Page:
This story begins with the first part, “Suffrage and Beyond,” covering the period from 1857 until 1949. Lucinda Gosling, its author, is specialized not only in visual art, but also in the role of women in the world wars. She starts with a brief analysis of how art turned from a “[…] simpl[e] part of an arsenal of feminine accomplishments women were expected to learn […]” (p. 16) into an accepted career path. Gosling then discusses the suffragist movement. In this context, she gives insight into the movement’s color identity: “Purple as everyone knows is the royal colour, it stands for the royal blood that flows in the veins of every suffragette, their instinct of freedom and dignity … white stands for purity in private and public life … green is the colour of hope and the emblem of spring” (p. 41). This is illustrated with a great selection of visual examples from flyers and posters. After describing the different roles women had in World War I, Gosling dedicates the final chapter to the new kind of woman emerging in the early 20th century, a woman who is “pushing [b]oundaries” and “celebrating [d]ifference” (p. 75) by adapting stereotypical masculine looks and confident behavior. As a role model for that, Gosling sees Polish artist Tamara de Lempicka: “[s]exually confident, defiantly provocative, and financially self-sufficient, […] the new woman of the 1920s made flesh” (p. 84).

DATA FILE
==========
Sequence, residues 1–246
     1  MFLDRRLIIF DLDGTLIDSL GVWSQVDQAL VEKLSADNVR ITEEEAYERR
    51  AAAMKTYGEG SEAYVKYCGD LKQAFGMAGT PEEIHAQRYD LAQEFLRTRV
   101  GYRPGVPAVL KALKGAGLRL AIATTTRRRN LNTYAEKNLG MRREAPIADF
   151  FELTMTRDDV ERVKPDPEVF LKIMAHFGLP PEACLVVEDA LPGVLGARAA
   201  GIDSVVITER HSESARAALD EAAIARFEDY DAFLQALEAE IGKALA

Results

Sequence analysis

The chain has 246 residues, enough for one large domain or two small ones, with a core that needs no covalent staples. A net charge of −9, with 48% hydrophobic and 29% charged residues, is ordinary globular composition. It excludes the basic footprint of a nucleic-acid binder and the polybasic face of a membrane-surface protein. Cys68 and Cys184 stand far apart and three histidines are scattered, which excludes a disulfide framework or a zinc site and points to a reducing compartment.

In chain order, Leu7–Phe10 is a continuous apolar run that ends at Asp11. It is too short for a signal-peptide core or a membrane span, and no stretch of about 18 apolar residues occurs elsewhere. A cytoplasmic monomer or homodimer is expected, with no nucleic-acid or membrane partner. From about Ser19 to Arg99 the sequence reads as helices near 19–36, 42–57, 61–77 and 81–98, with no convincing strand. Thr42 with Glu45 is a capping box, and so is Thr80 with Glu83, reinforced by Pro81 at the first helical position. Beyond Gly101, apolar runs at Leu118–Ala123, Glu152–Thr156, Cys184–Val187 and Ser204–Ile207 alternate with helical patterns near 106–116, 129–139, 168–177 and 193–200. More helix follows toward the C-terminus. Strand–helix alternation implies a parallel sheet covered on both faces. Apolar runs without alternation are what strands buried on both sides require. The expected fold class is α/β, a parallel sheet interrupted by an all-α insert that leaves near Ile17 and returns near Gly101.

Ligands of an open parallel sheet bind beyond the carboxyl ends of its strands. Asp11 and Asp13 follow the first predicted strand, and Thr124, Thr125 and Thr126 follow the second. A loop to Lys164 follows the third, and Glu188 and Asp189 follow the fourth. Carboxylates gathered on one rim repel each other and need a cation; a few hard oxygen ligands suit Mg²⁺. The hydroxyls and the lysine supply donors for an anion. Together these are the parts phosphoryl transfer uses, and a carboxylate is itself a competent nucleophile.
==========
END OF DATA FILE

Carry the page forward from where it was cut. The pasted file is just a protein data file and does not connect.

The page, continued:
In the second part, “Defining Feminism,” Amy Tobin, curator and lecturer at the Department of History of Art at the University of Cambridge, examines the timespan between 1960 and 1988 with a focus on socio-political topics. She develops a colorful and diverse history of women’s rights history. By focusing on powerful dynamics leading to productive activism and not on the oppression women were facing, she gives women an active instead of a passive role and empowers them as subjects of historical developments. She also makes clear that the activism she describes already shows intersectional awareness – art collectives like the See Red Women’s Workshop raised consciousness not only of women, but also LGBTQIA+ and POC issues. This collective, like many others, had the goal to teach and share artistic skills and also “provided service printing for women´s, LGBTQ[IA+], black, and community groups” (p. 119). In contrast to the other parts of the volume, some subchapters are written by other authors, like Flora Duster. She describes the so called “Sex Wars” of the 1980s and shows in her selection of works how artists have succeeded in breaking binary stereotypes in a new and inspirational way without falling into patriarchal patterns. While these subchapters are illuminating, they interrupt the reading flow. It seems like Tobin’s part is conceptualized as a continuous narrative, and the different voices with their different tones and writing styles break up this narrative.